The first section, the thickest with 9 papers, deals with the "voice" of propaganda: harangue, sermon, and prophecy. Xavier Storelli, in "Convince to Win: The Place and Function of Military Harangues in Anglo-Norman Historiography (XI-Beginning XIII Centuries)," initiates the collection. Xavier Storelli's discussion of military harangue will certainly interest military historians and others, because as with many other medieval documents we can assume that harangues were not a reality but a re-composed discourse. Their stated aims were to galvanize soldiers into not fearing death on the battlefield but in the impossibility of knowing whether they were ever uttered they can be studied for the message their authors transmitted (communal values, their ideological and psychological framework). As Storelli concludes, harangues magnified vassalic and political ties, and common identity-- hence, propaganda. But the author also warns us about the shortcomings of his study: the analysis of the reception, diffusion, and audience of the discourses is yet imperfect. His appendix of harangues adds a very nice touch to the soundness of his essay. Maté Billoré, in "Christian Ideology and Political Ethics through the Dialogue between King Henry II and the Abbot of Bonneval of Peter of Blois," discusses royal pedagogy as found in the "mirrors of the prince" where a king is entreated to lead his subjects politically and morally through a criticism of the prince's leadership that in turn becomes religious and political propaganda in favor of that same leadership. Angeles Garca de la Borbolla, in "Hagiographical Discourse as Means of Propaganda: The Model of Gonzalo de Berceo," treats the hagiographical production that advertised specific religious centers as it edified, entertained, and taught catechism to its readers. Beatriz Marcotegui's "Transmission of the Evangelical Message in the XIII Century: Eudes of Cheriton" frames preaching within the boundaries of propaganda when convincing the audience to act as and be Christian, but also when serving as models for sermon collections. Catalina Girbea, in "Persuasive Discourses and Religious Consciousness in Arthurian Romances (XII-XIII Centuries)," traces the evolution of one of the most salient medieval contradictions, the Christian propaganda imbedded in the "pagan" Arthurian romances, from Chrétien de Troyes who knew how to balance adventure and religious morality to his successors who tipped the scale toward moral instruction. With the same irony, Catherine Daniel, in "The Merlin Prophecies: A Propaganda Tool of the XII and XIII Centuries," traces the life of Merlin's prophecies, from tales directed at the Britons fighting foreign invaders (like the Germans) to serving foreign invaders whether Normans or Plantagenets. In a minutely sophisticated article Martha Ganéva, in "A Spiritual Itinerary through French Tales of the XIII Century (Paris: Bibliothèque Nationale de France n. acq. Fr. 4276)," returns to the original fide in propaganda (the only meaning that the Middle Ages knew) and searches for the rationale behind a collection of texts now found at the BN. With exquisite detail, Ganéva guides us through the collection until its meaning unravels. The collection was to lead a reader through prayers, conversion, and contemplation. Isabelle Rousseau-Jacob's "The 'Apocalypses of Faction': Instructions" and François Foronda's "The Monarchic Propaganda in Thirteenth-Century Castile: Some Considerations on the Libro de los Doze Sabios" continue with a discussion of prophecies and history. Rousseau-Jacob looks at the relationship between prophetic texts and historical reality, taking into consideration the long life and adaptability of many predictions. Her edition of two prophecies (Biblioteca de Catalunya, ms. 490, fol. 100v., opus magistri Arnaldi de Vilanova, and Biblioteca del palacio, ms. II/3096) will also satisfy interested readers. François Foronda uses texts issued from the Castilian monarchy to argue for a history of consensus within the history of propaganda. In short the author suggests rightfully that successful propaganda appeals to and reinforces social cohesion. Again, his transcription of the prologue and chapters I-XXVI of the Libro de los doze sabios will interest his readers.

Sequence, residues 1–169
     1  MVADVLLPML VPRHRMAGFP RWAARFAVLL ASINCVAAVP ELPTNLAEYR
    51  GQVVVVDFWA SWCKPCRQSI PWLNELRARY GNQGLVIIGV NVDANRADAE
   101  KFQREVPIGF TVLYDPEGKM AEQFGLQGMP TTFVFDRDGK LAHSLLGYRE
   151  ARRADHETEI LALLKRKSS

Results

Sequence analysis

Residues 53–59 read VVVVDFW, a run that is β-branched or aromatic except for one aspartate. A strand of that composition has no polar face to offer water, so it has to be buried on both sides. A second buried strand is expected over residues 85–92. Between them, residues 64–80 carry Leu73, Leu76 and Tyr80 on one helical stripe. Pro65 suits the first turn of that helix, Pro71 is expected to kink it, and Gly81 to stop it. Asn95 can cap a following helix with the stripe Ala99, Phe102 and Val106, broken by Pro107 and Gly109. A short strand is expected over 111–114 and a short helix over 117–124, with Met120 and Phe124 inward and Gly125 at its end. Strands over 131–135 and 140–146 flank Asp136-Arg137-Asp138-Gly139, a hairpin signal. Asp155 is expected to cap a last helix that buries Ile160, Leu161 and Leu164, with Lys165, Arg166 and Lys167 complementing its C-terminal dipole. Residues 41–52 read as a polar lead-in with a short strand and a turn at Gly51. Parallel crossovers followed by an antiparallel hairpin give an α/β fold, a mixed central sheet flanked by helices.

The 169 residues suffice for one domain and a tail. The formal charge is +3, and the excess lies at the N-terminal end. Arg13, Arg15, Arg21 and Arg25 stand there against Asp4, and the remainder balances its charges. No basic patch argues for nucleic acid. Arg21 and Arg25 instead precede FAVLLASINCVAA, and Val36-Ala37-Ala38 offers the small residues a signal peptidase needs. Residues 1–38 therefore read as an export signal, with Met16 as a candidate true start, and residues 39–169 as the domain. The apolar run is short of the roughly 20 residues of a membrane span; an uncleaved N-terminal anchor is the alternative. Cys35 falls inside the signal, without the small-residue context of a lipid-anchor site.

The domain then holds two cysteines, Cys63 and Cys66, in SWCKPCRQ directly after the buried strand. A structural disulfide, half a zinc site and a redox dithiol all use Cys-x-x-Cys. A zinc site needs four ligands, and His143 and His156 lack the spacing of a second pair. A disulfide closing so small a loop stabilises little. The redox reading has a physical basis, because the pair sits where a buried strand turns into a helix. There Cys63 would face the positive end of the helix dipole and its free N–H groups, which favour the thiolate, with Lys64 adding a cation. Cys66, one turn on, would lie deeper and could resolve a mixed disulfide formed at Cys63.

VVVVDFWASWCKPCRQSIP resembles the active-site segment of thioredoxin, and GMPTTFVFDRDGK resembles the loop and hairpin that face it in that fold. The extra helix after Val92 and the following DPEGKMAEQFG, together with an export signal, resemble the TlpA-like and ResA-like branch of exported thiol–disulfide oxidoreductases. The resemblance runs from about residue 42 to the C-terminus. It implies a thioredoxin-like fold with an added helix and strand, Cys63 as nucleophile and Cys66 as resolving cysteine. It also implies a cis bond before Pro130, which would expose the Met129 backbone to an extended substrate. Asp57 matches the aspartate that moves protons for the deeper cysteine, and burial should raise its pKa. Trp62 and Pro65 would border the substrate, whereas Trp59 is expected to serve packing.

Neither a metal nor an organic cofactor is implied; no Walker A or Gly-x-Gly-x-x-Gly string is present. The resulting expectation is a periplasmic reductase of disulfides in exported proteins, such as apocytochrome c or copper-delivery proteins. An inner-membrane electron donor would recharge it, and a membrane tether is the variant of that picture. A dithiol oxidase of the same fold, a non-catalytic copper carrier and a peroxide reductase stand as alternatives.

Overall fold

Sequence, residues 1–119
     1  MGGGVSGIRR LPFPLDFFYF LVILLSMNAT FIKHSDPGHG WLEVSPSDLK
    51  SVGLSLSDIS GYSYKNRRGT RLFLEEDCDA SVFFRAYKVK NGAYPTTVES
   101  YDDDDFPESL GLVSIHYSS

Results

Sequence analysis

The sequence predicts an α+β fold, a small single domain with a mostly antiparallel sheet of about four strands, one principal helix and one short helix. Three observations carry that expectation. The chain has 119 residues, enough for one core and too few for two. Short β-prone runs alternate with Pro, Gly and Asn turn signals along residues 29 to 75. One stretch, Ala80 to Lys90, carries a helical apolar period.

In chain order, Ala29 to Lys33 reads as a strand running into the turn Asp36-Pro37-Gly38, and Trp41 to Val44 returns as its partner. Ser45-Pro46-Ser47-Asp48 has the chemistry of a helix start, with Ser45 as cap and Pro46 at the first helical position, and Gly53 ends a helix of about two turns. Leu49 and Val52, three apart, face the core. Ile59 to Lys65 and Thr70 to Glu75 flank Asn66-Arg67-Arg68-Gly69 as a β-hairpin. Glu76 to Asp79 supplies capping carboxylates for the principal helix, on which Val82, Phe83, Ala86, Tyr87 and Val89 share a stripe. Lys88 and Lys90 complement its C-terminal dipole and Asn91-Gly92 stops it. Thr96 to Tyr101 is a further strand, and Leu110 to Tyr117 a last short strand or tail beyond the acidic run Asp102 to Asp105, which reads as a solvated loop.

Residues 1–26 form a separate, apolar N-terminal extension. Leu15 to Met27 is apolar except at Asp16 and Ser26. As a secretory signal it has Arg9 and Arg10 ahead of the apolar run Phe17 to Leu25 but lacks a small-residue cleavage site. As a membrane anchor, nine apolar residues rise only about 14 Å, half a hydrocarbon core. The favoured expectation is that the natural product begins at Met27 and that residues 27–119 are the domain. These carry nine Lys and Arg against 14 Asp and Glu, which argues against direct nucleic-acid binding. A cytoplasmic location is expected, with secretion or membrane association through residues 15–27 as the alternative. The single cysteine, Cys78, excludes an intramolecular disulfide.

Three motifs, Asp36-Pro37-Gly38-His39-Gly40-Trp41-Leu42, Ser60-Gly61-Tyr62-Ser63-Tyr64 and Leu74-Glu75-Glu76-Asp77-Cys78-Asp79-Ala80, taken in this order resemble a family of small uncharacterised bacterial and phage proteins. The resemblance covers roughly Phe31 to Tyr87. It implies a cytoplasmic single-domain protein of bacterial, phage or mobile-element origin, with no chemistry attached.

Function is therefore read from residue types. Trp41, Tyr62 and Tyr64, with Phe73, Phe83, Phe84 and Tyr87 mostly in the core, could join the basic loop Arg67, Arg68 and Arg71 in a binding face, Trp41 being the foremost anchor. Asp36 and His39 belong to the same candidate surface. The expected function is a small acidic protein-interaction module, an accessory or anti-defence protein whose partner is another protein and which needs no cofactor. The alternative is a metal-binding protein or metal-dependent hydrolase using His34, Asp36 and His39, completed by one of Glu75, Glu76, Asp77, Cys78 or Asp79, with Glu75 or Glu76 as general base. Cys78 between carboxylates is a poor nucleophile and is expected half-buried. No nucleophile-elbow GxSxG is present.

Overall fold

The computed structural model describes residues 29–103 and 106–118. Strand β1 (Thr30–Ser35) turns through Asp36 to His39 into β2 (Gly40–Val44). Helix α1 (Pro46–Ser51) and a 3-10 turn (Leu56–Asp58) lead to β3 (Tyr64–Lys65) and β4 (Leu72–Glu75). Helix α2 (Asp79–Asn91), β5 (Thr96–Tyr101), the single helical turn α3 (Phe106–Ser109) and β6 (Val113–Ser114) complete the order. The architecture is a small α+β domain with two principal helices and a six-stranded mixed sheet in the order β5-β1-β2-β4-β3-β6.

The second section focuses on information--gathering and hiding information--and the spreading of rumors. Francesc Rodrguez Bernal's "On the Letter of Sexton Pere de Vic to the Viscountess Guillerma de Cardano (circa 1150): Attempts at a Contextual Framework" initiates this section with a study founded on the name identity of the Catalonian lords of Montcada, the Cardonas. The article offers several illustrations, maps, genealogy, transcription, and photographs that will interest readers. The capture of Richard the Lionhearted by Leopold of Austria and the ensuing anti-Riccardian propaganda is the focus of Egbert Trk's "A Kingdom without a King: Pierre de Blois and Aliénor d'Aquitaine." The author discusses the epistolary invectives of Peter of Blois, who was at the service of Alienor, against pope Celestine's lack of support for the famous crusader. An edition and French translation of Peter's letter 146 follows the essay. At the risk of sounding partial, I wholly appreciated the essay of Myriam Soria Audebert on papal propaganda during the twelfth-century schisms. Soria Audebert's "Pontifical Propaganda during the Schisms: Alexander III to the reconquest of Church Unity" makes evident that schisms entailed double allegiance hence propaganda to bring the opponent over to the "other" side. The essay discusses Alexander III's propaganda in France, to keep the country in his obedience. The elegant title of Laurence Moulinier-Brogi's article "Defamation (délit d'opinion) and Heresy (déni d'orthodoxie) in Thirteenth- Century Europe" indicates its concentration on language. In an original essay, Moulinier-Brogi studies the linguistic existence of heresy, during the century that saw the creation of the inquisition. Using Renard le Bestourné, Claudio Galderisi, in "The Opinionated Poet between Propaganda and Satire: Context and Reader Sloth in Renart le Bestourné," studies urban "poetry," communal culture, and the channeling of public opinion through satire. Elodie Lecuppre- Desjardin, in "From Invective to Consciousness: The War between Douai and Lille (1284-1285)," uses a lesser-known war between the cities of Douai and Lille in 1285 to revisit Jacques Le Goff's enunciation of four categories for the circulation of propaganda (oral, written, image and gesture) and focuses on what she labels insidious propaganda, when based on provocation, defiance, taunt, outrage, and harassment. Aude Cirier's "Communication and Politics in Northern and Central Italy at the End of the Middle Ages: For a History of the General Intelligence" concludes the second section with an important article on the history of spying in central and northern Italy. The study leads to a focus on the conception of maiestas, the authority of podestas and captains, and the administrative, military, and diplomatic organization of the state.